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From the Axis of Evil to appeasement

EARLIER this week, Politico revealed some of the inner workings of the Obama administration in the run up to the nuclear deal with Iran, in an investigative piece well worth the read. In January 2016, as the US magazine reports, the Obama administration announced the release of seven Iranian-born prisoners, described by the then-president as “civilians” and by a senior administration official as businessmen convicted for, or accused of, violating the trade embargo.
In fact, some were accused by the Justice Department of being threats to national security. Three of them belonged to an illegal procurement network that supplied Iran, as the piece describes, with “US-made microelectronics with applications in surface-to-air and cruise missiles like the kind Tehran test-fired recently.” Another was serving an eight-year sentence “for conspiring to supply Iran with satellite technology and hardware.”
Following the nuclear deal, Arab Gulf governments were often criticized for obsessing about the Iranian threat and exaggerating the extent to which the Obama administration cosied up to Tehran. Politico’s story is yet another vindication of those concerns beyond the evident effects across the Middle East, in Syria, Iraq or Yemen.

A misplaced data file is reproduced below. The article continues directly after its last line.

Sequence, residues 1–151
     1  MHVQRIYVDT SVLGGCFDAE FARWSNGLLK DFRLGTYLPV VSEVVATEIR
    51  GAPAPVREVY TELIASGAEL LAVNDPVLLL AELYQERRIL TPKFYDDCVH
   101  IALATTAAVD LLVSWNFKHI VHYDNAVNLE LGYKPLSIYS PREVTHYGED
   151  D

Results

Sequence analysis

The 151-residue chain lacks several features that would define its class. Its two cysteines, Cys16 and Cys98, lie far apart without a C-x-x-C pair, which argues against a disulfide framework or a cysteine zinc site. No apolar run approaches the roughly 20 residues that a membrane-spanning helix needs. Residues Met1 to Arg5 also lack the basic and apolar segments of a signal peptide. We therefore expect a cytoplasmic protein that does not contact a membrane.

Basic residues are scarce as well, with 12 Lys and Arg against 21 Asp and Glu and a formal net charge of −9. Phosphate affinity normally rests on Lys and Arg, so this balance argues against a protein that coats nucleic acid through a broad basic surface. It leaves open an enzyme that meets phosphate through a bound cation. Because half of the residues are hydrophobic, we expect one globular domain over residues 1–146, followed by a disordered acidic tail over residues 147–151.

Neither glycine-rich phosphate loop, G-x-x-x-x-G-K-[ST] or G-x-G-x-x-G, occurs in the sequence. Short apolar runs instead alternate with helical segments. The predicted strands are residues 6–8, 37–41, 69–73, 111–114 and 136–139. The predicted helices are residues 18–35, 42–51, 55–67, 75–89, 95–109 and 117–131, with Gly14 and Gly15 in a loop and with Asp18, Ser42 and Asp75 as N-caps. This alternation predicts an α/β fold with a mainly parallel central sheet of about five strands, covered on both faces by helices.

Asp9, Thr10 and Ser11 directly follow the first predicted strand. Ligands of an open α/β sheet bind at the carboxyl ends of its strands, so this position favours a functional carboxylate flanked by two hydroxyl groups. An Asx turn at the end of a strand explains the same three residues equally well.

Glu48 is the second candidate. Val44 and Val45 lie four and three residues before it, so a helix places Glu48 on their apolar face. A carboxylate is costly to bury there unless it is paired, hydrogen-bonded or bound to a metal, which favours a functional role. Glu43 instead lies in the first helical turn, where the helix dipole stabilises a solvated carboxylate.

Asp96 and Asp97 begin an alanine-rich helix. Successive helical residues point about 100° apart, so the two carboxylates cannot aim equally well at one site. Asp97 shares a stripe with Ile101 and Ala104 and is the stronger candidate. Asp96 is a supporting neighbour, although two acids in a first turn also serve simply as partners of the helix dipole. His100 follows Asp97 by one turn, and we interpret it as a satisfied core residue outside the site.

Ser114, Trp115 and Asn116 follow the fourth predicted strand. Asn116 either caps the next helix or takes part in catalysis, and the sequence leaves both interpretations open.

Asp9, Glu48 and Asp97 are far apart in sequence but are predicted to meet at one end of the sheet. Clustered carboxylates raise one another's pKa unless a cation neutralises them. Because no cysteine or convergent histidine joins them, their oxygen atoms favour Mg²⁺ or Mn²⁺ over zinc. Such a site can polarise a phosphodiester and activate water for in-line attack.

These specific concessions to draw Iran into the nuclear deal did not end there. The Justice Department dropped charges and international arrest warrants against 14 other fugitives. Among their activities are believed to be the smuggling to Iran of US military equipment and high-tech components for improvised explosive devices (IEDs), then used by pro-Iran Shiite militias to kill hundreds of US soldiers in Iraq.

A glaring case was the withdrawal of the charges against a suspected member of a network that for years procured thousands of pieces of equipment (including US-made sensors for uranium enrichment centrifuges) with nuclear applications, via China, with Iran as the final destination.
Based on interviews with key government people involved and an analysis of court records, Politico reports that since 2014 officials in the Obama administration began “slow-walking some significant investigations and prosecutions of Iranian procurement networks operating in the US.”